After a couple of weeks in the southern part of Sri Lanka, we hoped that the weather was improved in the Hill Country. So we went up, after visiting the tremendous rainforest of Sinharaja Forest Reserve. This is the last major undisturbed rainforest in Sri Lanka and an easy way to visit such a forest if you are in the country. The dense and wet forest is a heaven for the millions of leeches, but if you stepped over this fear, it is a must-see destination. You won’t see elephants or leopards in this forest, but the forest itself, the colourful snakes, the colour changing lizards and the beautiful birds are worth the visit. Sinharaja is a forest where you can see 18 of the 20 endemic bird species of Sri Lanka (see also the photo impression of Bundala, Yala and Sinharaja).

By train from Haputale to Ella

When we eventually arrived in the Hill Country, the weather was improved. It was sunny and cool and that was the ideal climate for the hikes that we made in the areas of Haputale and Ella. We especially enjoyed Haputale, because it is still a Sri Lankan village. Ella to the contrary, is a typical tourist village in where you won’t find local restaurants anymore. Most people in the village smelled the tourist-dollars, which means that you are now dependent on overpriced hotels and restaurants with names like ‘Dream Café’ and ‘Nescoffee’, that even offer WIFI. In most parts of Sri Lanka you pay around 100 Rupees for a good traditional Rice and Curry lunch meal, but in Ella you pay 300-400 Rupees for a weak version of it. Also when walking in the area of Ella, you notice the commercial attitude of the people. Men try to guide you through the hills, ladies try to sell water or sometimes even taxi’s to your next destination and school boys and girls ask for money, pens and candies. Unfortunately, Ella isn’t the real Sri Lanka anymore.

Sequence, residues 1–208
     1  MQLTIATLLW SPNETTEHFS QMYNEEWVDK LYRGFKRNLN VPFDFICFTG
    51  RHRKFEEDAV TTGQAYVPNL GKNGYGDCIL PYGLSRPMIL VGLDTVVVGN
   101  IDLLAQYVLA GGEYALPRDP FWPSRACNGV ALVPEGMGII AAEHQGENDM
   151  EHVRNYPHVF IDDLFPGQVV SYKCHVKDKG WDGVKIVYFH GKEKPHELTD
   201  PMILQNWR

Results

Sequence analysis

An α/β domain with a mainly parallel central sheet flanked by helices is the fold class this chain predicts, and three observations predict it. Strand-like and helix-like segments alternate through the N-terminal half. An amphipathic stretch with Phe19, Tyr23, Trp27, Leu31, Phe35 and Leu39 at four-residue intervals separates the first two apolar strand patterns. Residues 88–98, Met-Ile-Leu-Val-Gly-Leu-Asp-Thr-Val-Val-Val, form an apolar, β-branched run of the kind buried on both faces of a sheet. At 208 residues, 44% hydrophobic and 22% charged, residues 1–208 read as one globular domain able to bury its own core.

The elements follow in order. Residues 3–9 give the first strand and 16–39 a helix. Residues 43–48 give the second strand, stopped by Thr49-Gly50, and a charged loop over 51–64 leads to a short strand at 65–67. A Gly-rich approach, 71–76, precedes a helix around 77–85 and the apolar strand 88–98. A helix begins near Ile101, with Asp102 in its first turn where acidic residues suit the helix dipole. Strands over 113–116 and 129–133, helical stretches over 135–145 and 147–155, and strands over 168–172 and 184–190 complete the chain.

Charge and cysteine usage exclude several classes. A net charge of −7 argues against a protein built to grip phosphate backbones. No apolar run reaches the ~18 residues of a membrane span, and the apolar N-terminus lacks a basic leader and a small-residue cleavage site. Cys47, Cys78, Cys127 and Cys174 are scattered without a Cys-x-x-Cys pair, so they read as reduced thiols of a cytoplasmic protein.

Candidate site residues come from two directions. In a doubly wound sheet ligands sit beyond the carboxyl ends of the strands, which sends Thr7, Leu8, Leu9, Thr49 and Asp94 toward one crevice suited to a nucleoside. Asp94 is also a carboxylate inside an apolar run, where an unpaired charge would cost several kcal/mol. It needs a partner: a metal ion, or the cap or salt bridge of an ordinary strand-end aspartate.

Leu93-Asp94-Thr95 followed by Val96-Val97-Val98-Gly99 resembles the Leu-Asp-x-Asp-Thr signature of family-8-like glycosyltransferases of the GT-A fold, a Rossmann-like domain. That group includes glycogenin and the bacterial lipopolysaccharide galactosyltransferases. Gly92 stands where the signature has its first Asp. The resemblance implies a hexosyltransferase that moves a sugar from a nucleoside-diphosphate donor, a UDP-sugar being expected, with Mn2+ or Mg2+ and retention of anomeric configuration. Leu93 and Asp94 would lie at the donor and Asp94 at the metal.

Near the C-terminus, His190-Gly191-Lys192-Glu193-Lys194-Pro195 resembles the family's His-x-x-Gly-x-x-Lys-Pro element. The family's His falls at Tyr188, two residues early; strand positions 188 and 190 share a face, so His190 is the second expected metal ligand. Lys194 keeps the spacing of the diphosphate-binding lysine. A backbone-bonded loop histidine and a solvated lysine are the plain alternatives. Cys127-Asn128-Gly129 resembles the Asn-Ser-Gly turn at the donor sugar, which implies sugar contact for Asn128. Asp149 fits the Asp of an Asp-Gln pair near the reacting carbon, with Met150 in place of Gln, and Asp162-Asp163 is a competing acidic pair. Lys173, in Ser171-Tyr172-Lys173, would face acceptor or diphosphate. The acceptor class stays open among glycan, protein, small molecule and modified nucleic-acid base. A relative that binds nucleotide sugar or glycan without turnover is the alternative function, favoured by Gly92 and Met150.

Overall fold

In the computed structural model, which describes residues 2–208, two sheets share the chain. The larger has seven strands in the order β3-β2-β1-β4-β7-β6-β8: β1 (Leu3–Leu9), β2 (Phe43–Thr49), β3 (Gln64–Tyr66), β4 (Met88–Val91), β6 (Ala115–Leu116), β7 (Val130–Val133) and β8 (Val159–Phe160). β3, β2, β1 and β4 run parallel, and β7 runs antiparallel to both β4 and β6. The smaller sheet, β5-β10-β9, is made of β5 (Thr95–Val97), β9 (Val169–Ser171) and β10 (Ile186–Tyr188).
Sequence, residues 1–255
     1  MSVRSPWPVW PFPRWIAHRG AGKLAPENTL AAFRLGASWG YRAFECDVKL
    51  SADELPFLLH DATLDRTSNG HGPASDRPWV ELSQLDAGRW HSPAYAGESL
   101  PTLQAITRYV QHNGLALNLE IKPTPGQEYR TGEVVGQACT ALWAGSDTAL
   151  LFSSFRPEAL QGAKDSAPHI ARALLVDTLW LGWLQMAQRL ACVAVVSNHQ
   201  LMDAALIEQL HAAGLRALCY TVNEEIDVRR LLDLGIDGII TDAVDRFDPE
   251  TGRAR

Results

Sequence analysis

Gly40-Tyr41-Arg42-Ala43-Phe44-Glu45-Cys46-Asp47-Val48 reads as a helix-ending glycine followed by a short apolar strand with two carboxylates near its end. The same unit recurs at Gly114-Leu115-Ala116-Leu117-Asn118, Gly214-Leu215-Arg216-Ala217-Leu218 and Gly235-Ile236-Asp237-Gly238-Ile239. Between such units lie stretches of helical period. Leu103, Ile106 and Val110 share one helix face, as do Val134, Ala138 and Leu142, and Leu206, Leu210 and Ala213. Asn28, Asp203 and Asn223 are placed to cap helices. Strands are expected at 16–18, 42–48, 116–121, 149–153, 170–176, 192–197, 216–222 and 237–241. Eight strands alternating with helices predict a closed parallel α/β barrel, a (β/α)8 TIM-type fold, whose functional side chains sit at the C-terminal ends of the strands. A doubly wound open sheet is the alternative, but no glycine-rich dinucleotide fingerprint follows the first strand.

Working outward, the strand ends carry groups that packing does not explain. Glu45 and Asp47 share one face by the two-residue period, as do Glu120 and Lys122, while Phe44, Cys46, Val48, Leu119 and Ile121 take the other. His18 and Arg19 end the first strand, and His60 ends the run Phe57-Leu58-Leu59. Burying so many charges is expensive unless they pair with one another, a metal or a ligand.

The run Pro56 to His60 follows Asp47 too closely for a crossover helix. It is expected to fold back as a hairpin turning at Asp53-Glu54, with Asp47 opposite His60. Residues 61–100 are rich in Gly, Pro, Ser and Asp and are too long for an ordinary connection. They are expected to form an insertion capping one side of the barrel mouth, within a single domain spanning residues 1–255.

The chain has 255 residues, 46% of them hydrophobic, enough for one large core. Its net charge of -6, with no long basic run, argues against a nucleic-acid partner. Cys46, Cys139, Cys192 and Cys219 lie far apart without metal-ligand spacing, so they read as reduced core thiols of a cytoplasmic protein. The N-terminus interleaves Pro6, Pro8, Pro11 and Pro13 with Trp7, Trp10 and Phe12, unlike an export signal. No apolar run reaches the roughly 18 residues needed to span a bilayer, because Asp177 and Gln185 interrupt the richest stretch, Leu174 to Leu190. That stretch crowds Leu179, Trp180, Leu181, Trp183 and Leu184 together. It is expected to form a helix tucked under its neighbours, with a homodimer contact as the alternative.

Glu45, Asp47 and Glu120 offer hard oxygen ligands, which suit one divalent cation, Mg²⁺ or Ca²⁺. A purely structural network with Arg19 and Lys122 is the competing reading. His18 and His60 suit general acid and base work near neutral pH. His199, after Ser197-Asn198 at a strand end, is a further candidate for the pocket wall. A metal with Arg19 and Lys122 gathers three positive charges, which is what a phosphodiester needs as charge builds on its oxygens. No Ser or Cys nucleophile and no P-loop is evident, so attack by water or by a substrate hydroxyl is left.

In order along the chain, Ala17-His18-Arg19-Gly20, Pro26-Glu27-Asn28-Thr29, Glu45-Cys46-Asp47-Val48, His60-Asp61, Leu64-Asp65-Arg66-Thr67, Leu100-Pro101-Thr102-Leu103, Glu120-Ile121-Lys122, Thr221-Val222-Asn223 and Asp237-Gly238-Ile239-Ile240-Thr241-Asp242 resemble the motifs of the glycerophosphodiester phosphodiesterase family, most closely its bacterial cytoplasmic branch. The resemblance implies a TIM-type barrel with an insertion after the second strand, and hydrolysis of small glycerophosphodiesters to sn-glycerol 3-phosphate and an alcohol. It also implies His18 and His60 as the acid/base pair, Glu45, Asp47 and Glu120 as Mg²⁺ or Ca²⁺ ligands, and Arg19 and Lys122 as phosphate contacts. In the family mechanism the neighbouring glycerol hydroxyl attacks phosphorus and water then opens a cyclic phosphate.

After Ella, we travelled to the town of Nuwara Eliya, also called ‘little England’ because of its landscape similarity. In the heart of the town you will find the old Victoria Park where local people and tourists mix during the cooler hours of the day. Victoria Park is also the place to spot two special and difficult to see birds, the Indian Pitta and the Pied Thrush. We tried hard and saw both of them. In Nuwara Eliya we also decided to end our visit to the Hill Country, which means that we will skip the tourist attractions ‘World’s End’ and ‘Adam’s Peak’. We have seen enough of the touristy part of Sri Lanka and want to spend our remaining time in Sri Lanka in a less touristy area. We thought about going to the eastern part of the country, but that’s the part of the country where it is raining a lot during this time of the year. And travelling for almost two weeks in the rain is not what we are looking forward to. We will see.